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pray_hands.GIF (680 bytes) Prayer & Spirituality
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Many Paths to One God

God of Destruction

Love of Siva's feet eradicates bad karma. Love of Siva's feet grants you the clarity of mind. Love of Siva's feet imbues the heart with gladness. Love of Siva's feet is consciousness itself. -- Natchintanai

All this universe is in the glory of God, of Siva, the God of Love. The heads and faces of men are His own, and He is in the hearts of all. -- Yajur Veda

Shiva literally means "auspiciousness, welfare". He is the third god of the Hindu Trinity. Shiva represents darkness. He is often portrayed as an "angry god" and the god of destruction. Often Lord Shiva destroys negative presences such as evil, ignorance, and death.

Shiva holds a complementary role to Brahma, the god of creation. Shiva protects souls until they are ready for recreation at the hands of Brahma. Creation follows destruction. Therefore Shiva is also regarded as a reproductive power, which restores what has been dissolved. As one who restores, he is represented as the linga or phallus, a symbol of regeneration.

Because of his connections with destruction, Lord Shiva is one of the most feared and heavily worshipped deities in Hinduism.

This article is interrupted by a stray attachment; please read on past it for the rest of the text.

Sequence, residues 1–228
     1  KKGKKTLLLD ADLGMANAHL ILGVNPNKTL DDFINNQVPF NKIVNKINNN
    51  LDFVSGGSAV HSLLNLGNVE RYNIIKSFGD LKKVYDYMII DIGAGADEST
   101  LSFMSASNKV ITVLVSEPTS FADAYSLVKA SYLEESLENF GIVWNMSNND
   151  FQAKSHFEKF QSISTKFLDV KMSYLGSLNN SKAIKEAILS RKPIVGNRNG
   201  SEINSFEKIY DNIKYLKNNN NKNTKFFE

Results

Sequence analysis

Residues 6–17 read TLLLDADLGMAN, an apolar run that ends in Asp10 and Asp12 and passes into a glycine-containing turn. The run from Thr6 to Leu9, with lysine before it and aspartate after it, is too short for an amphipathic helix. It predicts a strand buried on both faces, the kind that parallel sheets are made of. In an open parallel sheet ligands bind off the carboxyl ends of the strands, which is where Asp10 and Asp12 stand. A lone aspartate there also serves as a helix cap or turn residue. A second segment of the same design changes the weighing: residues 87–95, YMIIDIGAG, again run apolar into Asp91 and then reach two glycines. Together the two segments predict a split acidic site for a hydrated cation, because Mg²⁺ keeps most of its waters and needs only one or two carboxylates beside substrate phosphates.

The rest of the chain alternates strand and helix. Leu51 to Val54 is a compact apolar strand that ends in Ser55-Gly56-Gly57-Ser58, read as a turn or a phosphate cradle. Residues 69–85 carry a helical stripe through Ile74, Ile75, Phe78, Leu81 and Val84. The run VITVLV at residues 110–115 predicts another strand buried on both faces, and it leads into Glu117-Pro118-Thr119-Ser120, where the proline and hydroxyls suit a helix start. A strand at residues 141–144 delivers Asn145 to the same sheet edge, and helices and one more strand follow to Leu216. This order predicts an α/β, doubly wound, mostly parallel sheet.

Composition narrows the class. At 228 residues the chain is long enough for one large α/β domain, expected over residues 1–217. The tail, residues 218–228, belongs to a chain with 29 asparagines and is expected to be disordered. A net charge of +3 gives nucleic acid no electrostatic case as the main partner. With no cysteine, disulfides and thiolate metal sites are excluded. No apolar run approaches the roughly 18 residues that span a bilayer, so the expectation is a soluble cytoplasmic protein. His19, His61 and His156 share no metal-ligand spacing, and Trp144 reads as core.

The snakes coiled at different places of Lord Shiva's body have names.
The serpents coiled at His ears are named Padma and Pingala.
The serpents coiled at His armlets are named Kambala and Dhananjaya.
The serpents at right and left wrists are named asvatara and taksaka.
The serpent at his waist is called Nila. --- Vamana Purana.

Shiva has a 1,008 names and a thousand faces. His names include Mahadeva (the great god), Mahesh, Rudra, Neelkantha (the blue-throated one), and Ishwar (the supreme god). He is also called Mahayogi, or the great ascetic, who symbolises the highest form of austere penance and abstract meditation, which results in salvation.

Shiva has eight forms: Rudra, Sharva, Bhava, Ugra, Bhima, Pashupati, Ishana, and Mahadeva, which, according to the Shiva Purana, correspond to the earth, water, fire, wind, sky, a yogi called Kshetragya, the sun, and the moon respectively.

Shiva lives on Mount Kailas. Sometimes he rides a bull with his wife Parvati. Shiva's many-formed wife is the graceful Uma, Parvati, the fierce Durga or the blood-thirsty Kali. Her sons are Karttikeya, the warrior, and the gentle Ganesha, whose helper is a rat.

He who is without beginning and without end,
in the midst of confusion, the Creator of all,
of manifold form, the One embracer of the universe...
by knowing Him, one is released from all fetters.

Shiva is the essence of the Vedas, and the source of the Word. He is the first among the gods of this world. He is inextricably woven into all that the eye can see.

Nataraja - The Lord of Dance

Shiva is the creator of dance. He has uttered the first 16 rhythmic syllables ever uttered, from which the Sanskrit language was born.

Shiva's dance of anger is called the Roudra Tandava and his dance of joy, the Ananda Tandava.

Shiva dances the dance of creation, the dance of destruction, the dance of solace and liberation. Beneath his left foot ignorance is crushed; from his head springs the life-giving waters.